In a previous work, the expression levels of GPx and SELENOP in testicles of mice were not affected with a dietary Se deficiency or selenomethionine excess 47, however, in rats with Se deficiency the expression levels of SELENOP were decreased 37. Other authors reported that Se-supplementation sharply increase the activity of testicular SELENOP 46 and, in studies of co-exposure to Cd + Se, Se ameliorates the effects of Cd by increasing SelP and GPX4 gene expression 48. The results obtained from studies of supplementation of Se in human prostate adenocarcinoma cells (F-9 and Du-145 cells) revealed an increase in the mRNA expression levels on the glutathione peroxidases GPX1, GPX2 and GPX3, SelS and SEP15, while some selenoproteins located in testes, such as SelW and SelV changes slightly and the TRXR3 selenoprotein decreased sharply 49.
To sum up, our results suggest that the use of antibiotics (Abx) could affect the ability of the host to incorporate Se into SELENOP, which could influence, as we have mentioned, testicular activity and reproductive function and are in a good agreement with the above results.
Metals and metalloids are very important in biology since around one-third of all proteins in the human body require a metal cofactor for functionality 50. Metallomics can be defined as the research field that elucidates the identification, distribution, dynamics, role and impact of metals and metalloids in biological systems 51,52. The methodology for a metallomic analysis usually involve the use of an inductively coupled plasma mass spectrometer (ICP-MS) hyphenated to high performance liquid chromatography (HPLC), gas chromatography (GC-MS) or capillary electrophoresis (CE)) using the heteroelement (an atom different to C, H, N, O or F, e.g. Se) in the biomolecule as a “tag” (heteroatom-tagged proteomics) 53. Thus, this approach, is more sensitive than the typical proteomic approaches that involve tryptic digestion and further analysis of peptides that are usually difficult to separate and it has not been previously applied for the absolute quantification of selenoproteins in testicular tissue 54. Other techniques such as UV-Vis spectrophotometry allow determining the total content of proteins or their activities, but not the absolute quantification of specific proteins.
Influence of Selenium Supplementation on Testicular Metal Homeostasis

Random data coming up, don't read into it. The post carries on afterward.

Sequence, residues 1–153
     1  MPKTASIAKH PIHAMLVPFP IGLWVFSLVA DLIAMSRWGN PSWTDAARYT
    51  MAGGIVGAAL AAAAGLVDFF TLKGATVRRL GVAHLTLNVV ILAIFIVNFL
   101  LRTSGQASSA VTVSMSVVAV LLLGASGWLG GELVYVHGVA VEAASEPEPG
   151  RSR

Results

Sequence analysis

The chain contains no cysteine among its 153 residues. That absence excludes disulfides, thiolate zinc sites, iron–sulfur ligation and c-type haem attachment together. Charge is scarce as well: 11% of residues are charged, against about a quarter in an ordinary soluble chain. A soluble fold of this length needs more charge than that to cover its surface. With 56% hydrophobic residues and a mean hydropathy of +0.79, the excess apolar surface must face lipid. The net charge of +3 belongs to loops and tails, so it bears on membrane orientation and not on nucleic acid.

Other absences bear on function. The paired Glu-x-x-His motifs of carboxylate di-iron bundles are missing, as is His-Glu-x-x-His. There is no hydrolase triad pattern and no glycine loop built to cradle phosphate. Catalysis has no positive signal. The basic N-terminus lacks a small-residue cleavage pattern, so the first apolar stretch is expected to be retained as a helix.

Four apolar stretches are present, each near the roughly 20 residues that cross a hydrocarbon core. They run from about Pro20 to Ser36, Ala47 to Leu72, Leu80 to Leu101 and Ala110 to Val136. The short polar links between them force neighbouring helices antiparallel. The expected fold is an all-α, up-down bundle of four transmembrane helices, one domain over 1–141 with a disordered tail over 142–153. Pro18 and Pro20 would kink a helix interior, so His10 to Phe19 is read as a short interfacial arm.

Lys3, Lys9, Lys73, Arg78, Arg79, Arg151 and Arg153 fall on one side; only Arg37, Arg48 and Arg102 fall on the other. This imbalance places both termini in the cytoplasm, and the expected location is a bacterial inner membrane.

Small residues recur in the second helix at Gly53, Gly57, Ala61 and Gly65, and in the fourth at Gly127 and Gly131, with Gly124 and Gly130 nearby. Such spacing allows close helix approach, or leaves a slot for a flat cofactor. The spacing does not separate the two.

The concentration of toxic and essential metals (Al, V, Cr, Mn, Fe, Co, Cu, Zn, As, Mo Cd, Sb, Tl, and Pb) has been determined in testicles of mice of the different groups to evaluate the metal homeostasis. The results are presented in Table 1. The concentrations of Cd, Sb, Tl and Pb in testicles were below the limit of detection (0.02-0.05 ng g-1) in all mice groups.
The statistical analysis showed numerous differences in the concentration of metals between groups. The significant differences for each comparison are summarized in Table S2. Se-supplementation of conventional mice (C-Se vs C) increased the levels of Cr (p=0.004) and As (p=0.008) and decreased the levels of Fe (p=0.000), Cu (p=0.003) and Zn (p=0.020) in testicles. The apparent paradox of Se increasing the As concentration in testicles but contributing to As detoxification can be explained by the ability of Se to additionally increase the concentration of betaine in testicles, which sequester As in the non-toxic form of arsenobetaine 55. The toxicity of Cr is determined by its chemical form, Cr(III) being essential while Cr(VI) is carcinogenic 56. The effect of Se on metal homeostasis in testicles was different after microbiota depletion. In fact, the concentration of Cr (p=0.023), Cu (p=0.013) and As (p=0.009) were lower in the Abx+Se group when compared with control group, while the concentration of Zn was higher (p=0.013). However, when Abx+Se is compared with C-Se, the levels of Fe (p=0.000), Co (p=0.028), Zn (p=0.004) and Mo (p=0.024) increased and the levels of Al (p=0.012), Cr (p=0.001) and As (p=0.003) decreased. Finally, Se-supplementation in microbiota depleted mice (Abx+Se vs Abx) reduces the concentrations of Al (p=0.031) and Mo (p=0.003) in testicles, whereas, the concentration of Fe (p=0.002) and Zn (p=0.005) augmented. The cytosol of most eukaryotic cells contains the enzyme superoxide dismutase (SOD), which contains Cu and Zn. After exposure to antibiotics, tissues are subjected to oxidative stress, which probably led to an increase of SOD and therefore, increased Zn levels 57,58.
Essential metals like Mn, Cu and Zn are crucial for maintaining male reproductive functions, since they are involved in spermatogenesis and sperm motility 59,60. Moreover, their interaction with toxic elements (As, Cd, Hg, Pb, etc) could change the toxicity of these metals 61. The synergistic/antagonistic interactions between elements through metal traffic and homeostasis in the different organs and tissues have been reported 62. The antagonistic role of Se has been proven with toxic elements such as Hg 63, Cd 64 or As 65 and with organic pollutants 66.
Selenoproteins and Gut Microbiota
It is well-known that gut microbiota play important roles in host health, modulating physiological, immunological and metabolic functions, but also participate in the regulation of hormones related to reproductive functions 16 through the hypothalamic-pituitary-testicular axis 67. Recently, the studies about the effects of dietary and supplemented Se on gut microbiota is now growing attention, but, the interplay between testicular selenoproteins and microbiota have not been reported before. As detailed elsewhere 28, Se-supplementation shape the gut microbiota composition as well as the effect of the antibiotics treatment (Figure S3). In brief, Se supplemented groups showed an increase in the members from the Lachnospiraceae and Ruminococcaceae families as well as Christensenellaceae family and Lactobacillus genus.